Happy hours and “Casual Fridays,” team doughnuts and coffee trips have all fallen by the wayside in the past year, as one office tradition after another was curtailed by the reality of remote work.
Lawyers rolled into court from bed. Executives used one good shirt. Sweatpants ruled the day.
But Citigroup, one of the world’s largest banks, is trying to start a new end-of-week tradition: Zoom-free Fridays.
The bank’s new chief executive, Jane Fraser, announced the plan for “Zoom-free Fridays” in a memo sent to employees on Monday. Recognizing that workers have spent inordinate amounts of the past 12 months staring at video calls, Citi is encouraging its employees to take a step back from Zoom and other videoconferencing platforms for one day a week, she said.
“The blurring of lines between home and work and the relentlessness of the pandemic workday have taken a toll on our well-being,” Fraser wrote in the memo, which was seen by The New York Times.
“After listening to colleagues around the world, it became apparent we need to combat the ‘Zoom fatigue’ that many of us feel,” she wrote.
The memo said that no one at the company would have to turn their video on for any internal meetings on Fridays. External meetings would not be affected: “There still will be client and regulator meetings that need to happen via Zoom,” it said.
Citi — the third-largest bank in America and the 13th-largest globally by assets, according to S&P Global — also asked its 210,000 workers around the world to make sure they take their vacation time and designated Friday, May 28, a companywide holiday for all workers to be off and “reset.”
The bank outlined other steps to restore some semblance of work-life balance. It recommended employees stop scheduling calls outside of traditional working hours, and pledged that when employees can return to offices, a majority of its workers would be given the option to work from home up to two days a week.
“We are all feeling the weariness,” wrote Fraser, who took up her role as Citi’s chief executive this month and is the first woman to lead a major American bank. The pressure is high for Citi to turn itself around, after a banker’s mistake sent nearly $1 billion wired to the wrong people and the bank was handed a $400 million fine by federal regulators last year over long-running problems.
But complaints of “Zoom fatigue” have emerged across industries and classrooms in the past year, as people confined to working from home faced schedules packed with virtual meetings, and found that their hours of on-camera work were often followed up by long video catch-ups with friends.
The widespread feeling of burnout prompted research from Stanford University trying to explain why video calls felt so draining.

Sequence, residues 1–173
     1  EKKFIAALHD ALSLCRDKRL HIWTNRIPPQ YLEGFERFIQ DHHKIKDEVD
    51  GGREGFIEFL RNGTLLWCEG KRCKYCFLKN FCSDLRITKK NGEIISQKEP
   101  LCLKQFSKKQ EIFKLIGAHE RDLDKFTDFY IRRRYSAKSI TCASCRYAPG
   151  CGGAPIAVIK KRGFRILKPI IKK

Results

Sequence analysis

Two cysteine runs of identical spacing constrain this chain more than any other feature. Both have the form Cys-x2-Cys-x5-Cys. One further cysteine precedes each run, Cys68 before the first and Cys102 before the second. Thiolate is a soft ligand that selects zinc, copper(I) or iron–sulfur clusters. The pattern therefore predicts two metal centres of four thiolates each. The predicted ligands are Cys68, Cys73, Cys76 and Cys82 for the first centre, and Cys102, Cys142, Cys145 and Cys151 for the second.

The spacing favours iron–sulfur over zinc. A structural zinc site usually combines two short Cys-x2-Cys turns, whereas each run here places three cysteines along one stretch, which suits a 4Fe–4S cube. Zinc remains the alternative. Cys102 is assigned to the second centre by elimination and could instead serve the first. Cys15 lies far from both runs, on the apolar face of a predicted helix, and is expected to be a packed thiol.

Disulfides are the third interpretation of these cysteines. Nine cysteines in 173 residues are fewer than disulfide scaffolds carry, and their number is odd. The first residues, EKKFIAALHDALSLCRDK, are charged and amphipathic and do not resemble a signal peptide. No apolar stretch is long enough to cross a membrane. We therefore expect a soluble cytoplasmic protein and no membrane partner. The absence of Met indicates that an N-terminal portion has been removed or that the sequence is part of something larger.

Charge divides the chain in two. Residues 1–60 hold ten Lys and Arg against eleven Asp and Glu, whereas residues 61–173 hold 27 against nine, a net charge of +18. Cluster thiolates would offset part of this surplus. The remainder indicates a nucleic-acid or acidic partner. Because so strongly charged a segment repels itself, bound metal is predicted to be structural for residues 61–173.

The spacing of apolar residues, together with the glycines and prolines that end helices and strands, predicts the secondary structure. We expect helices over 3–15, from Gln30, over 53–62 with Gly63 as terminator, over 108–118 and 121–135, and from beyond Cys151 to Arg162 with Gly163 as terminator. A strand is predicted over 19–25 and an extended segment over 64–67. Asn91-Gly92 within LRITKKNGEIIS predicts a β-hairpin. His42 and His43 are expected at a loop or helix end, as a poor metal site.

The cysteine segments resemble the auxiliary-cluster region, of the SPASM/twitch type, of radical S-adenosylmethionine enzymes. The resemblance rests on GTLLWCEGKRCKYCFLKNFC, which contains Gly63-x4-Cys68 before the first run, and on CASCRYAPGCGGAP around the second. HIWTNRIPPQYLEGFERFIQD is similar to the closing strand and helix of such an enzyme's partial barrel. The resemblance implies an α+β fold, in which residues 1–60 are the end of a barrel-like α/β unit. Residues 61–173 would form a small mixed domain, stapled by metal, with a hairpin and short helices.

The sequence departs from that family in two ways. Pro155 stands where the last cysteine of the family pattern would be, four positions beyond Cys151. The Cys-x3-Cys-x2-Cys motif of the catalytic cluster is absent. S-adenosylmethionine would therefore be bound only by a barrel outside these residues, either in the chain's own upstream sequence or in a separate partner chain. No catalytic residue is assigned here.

In a peer-reviewed article published in the journal Technology, Mind and Behavior last month, Jeremy Bailenson, the founding director of the Stanford Virtual Human Interaction Lab, outlined several reasons video calls can be so much more exhausting than in-person conversations.
He found that the excessive eye contact involved in video calls, the unnatural situation of seeing ourselves on-screen and having to stay in the same fixed spot all contribute toward “Zoom fatigue.”
Video calls are also harder mental work for us, Bailenson said in a news release, because we have to put in more effort to make and interpret nonverbal communications. “If you want to show someone that you are agreeing with them, you have to do an exaggerated nod or put your thumbs up,” he said. “That adds cognitive load as you’re using mental calories in order to communicate.”
Dr. Aaron Balick, a psychotherapist and the author of “The Psychodynamics of Social Networking,” said a key mistake companies made when setting up work-from-home conditions last year was to treat Zoom calls as the equivalent of face-to-face meetings. He said that they failed to consider the additional mental burden placed on workers and the downtime needed to process what was said between calls.
“They require different intellectual muscles,” Balick said in an interview on Wednesday, adding that Zoom calls needed to be treated as a “functionally different thing.”
Citi’s “Zoom-free Fridays” have the right spirit behind them, he said, though he added, “if you’re doing back-to-back Zooms Monday through Thursday and then have a day off Friday, that’s still not quite good enough.”
Employees need more opportunities to block out uninterrupted time to work without the distractions of calls and meetings, he said. Without the structure and routine of office life, many people have also fallen into the trap of working longer hours because they have no external cue telling them when to switch off, he added.
Research has found that the stresses of the pandemic and increased workloads have meant some employees could be working as much as two hours a day more than usual.
For Wall Street, which even before the pandemic had a notorious reputation for extreme hours, Citi’s efforts to introduce a more flexible approach to work will probably not go unnoticed.
Last week, a survey of 13 first-year Goldman Sachs analysts drew attention on social media, with the analysts claiming they worked an average of around 100 hours a week and felt they were victims of workplace abuse.
Goldman responded in a statement that “a year into COVID, people are understandably quite stretched.” It said it was “listening to their concerns and taking multiple steps to address them.”
By Anna Schaverien
c.2021 The New York Times Company